Nobel Prize in Medicine for discovery of hepatitis C virus

Americans Harvey J. Alter and Charles M. Rice and British scientist Michael Houghton were awarded…

Americans Harvey J. Alter and Charles M. Rice and British scientist Michael Houghton were awarded the Nobel Prize for Medicine or Physiology on Monday for their discovery of the hepatitis C virus.

Announcing the prize in Stockholm, the Nobel Committee noted that the trio’s work helped explain a major source of blood-borne hepatitis that couldn’t be explained by the hepatitis A and B viruses. Their work made possible blood tests and new medicines that have saved millions of lives, the committee said.

“Thanks to their discovery, highly sensitive blood tests for the virus are now available, and these have essentially eliminated post-transfusion hepatitis in many parts of the world, greatly improving global health,” the committee said.

“Their discovery also allowed the rapid development of antiviral drugs directed at hepatitis C,” the committee added. “For the first time in history, the disease can now be cured, raising hopes of eradicating hepatitis C virus from the world population.”

The World Health Organization estimates that there are more than 70 million cases of hepatitis worldwide and 400,000 deaths each year. The disease is chronic and a major cause of liver cancer and cirrhosis.

Will Irving, a virologist at the University of Nottingham in England, said that identifying hepatitis C had been the “holy grail” in medicine.

“After hepatitis A and B were discovered in the 1970s, it was clear there was still at least one other virus or more that were causing liver damage,” he said. “We knew there was a virus in the blood supply, because when people had blood transfusion they would get liver damage. It was recognized as a risk but there was nothing we could do. We didn’t know what the virus was and we couldn’t test for it.”

Nobel Committee member Patrick Ernfors drew a parallel between this year’s prize and the current rush by millions of scientists around the world to combat the coronavirus.

“The first thing you need to do is to identify the causing virus,” he told reporters. “And once that has been done, that is in itself the starting point for development of drugs to treat the disease and also to develop vaccines against the disorder.

“So the actual discovery, viral discovery itself, is a critical moment,” said Enfors.

Unlike hepatitis A, which is transmitted via food or water and causes an acute infection that can last a few weeks, hepatitis B and C are transmitted through blood.

American scientist Baruch Blumberg discovered the hepatitis B virus in 1967 and received the 1976 Nobel Prize in Medicine, but this did not explain all cases of chronic hepatitis, a disease that was becoming more common even in apparently healthy people who had received or given blood.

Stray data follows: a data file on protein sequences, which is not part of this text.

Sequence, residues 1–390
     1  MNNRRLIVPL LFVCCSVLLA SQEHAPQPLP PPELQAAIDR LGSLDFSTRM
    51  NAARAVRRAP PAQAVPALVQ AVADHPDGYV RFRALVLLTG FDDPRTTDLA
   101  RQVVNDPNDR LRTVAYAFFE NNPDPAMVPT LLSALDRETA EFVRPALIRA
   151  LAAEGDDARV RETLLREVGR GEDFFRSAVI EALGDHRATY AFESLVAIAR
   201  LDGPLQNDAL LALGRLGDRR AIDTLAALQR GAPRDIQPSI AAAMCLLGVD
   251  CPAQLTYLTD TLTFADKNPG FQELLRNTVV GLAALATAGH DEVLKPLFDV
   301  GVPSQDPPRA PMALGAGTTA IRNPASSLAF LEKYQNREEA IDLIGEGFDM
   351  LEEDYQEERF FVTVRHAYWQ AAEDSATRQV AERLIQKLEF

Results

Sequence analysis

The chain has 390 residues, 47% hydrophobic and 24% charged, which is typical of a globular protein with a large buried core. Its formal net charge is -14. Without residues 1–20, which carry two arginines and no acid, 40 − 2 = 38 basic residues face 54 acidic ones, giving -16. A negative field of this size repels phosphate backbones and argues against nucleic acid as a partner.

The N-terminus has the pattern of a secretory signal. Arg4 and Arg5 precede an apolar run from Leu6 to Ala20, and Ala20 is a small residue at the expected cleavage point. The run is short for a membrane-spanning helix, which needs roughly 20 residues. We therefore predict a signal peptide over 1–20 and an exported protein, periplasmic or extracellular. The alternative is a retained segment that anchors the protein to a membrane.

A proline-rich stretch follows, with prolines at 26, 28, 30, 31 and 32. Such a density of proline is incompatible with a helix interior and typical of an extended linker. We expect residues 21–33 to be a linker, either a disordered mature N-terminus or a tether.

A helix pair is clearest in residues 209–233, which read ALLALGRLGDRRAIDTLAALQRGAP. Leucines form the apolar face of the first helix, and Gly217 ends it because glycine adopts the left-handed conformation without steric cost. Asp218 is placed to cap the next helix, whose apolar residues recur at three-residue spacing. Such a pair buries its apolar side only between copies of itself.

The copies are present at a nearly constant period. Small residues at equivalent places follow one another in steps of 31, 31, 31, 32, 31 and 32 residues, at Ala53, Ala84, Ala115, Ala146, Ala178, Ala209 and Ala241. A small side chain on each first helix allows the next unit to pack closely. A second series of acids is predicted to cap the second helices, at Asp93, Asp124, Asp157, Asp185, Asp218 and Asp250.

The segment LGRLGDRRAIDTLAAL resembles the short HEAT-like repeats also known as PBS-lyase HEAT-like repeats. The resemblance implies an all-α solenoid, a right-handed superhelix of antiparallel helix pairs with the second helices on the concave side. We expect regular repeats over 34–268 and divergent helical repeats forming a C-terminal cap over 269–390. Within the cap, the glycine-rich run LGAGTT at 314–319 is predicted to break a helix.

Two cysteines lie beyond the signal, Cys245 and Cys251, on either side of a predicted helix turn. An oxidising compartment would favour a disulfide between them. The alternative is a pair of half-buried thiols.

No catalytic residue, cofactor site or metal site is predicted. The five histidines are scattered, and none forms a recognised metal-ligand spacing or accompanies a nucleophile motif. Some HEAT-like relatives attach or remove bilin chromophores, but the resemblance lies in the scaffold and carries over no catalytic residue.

“Before the discovery of the hepatitis C virus, it was a bit like Russian roulette to get a blood transfusion,” said Nobel Committee member Nils-Goran Larsson.

Alter was born in 1935 in New York and carried out his prize-winning studies at the U.S. National Institutes of Health in Bethesda, where he remains active, the committee said.

Rice was born in 1952 in Sacramento. He conducted work on hepatitis at Washington University in St. Louis and now works at Rockefeller University in New York.

Houghton was born in Britain 1950 and did his studies at the Chiron Corp. in California before moving to the University of Alberta in Canada.

While at the NIH, Alter discovered that plasma from patients who didn’t have hepatitis B could also could transfer the disease.

“The breakthrough came in 1989, when Michael Houghton and colleagues working at Chiron Corp. used a combination of molecular biology and immunology-based techniques to clone the virus,” said Nobel Committee member Gunilla Karlsson-Hedestam.

Later, Rice confirmed that a cloned hepatitis virus alone could cause persistent infection in chimpanzees and reproduce the disease observed in humans.

The hepatitis C virus belongs to a group, known as flaviviruses, that also includes West Nile virus, dengue virus and yellow fever virus.

Thomas Perlmann, the secretary-general of the Nobel Committee, said he managed to reach two of the winners, Alter and Rice.

“I had to call a couple of times before they answered,” he said. “They seemed very surprised and very, very happy.”

The prestigious award comes with a gold medal and prize money of 10 million Swedish kronor (about $1.1 million), courtesy of a bequest left 124 years ago by the prize’s creator, Swedish inventor Alfred Nobel.

The award is the first of six prizes being announced through Oct. 12. The other prizes are for outstanding work in the fields of physics, chemistry, literature, peace and economics.

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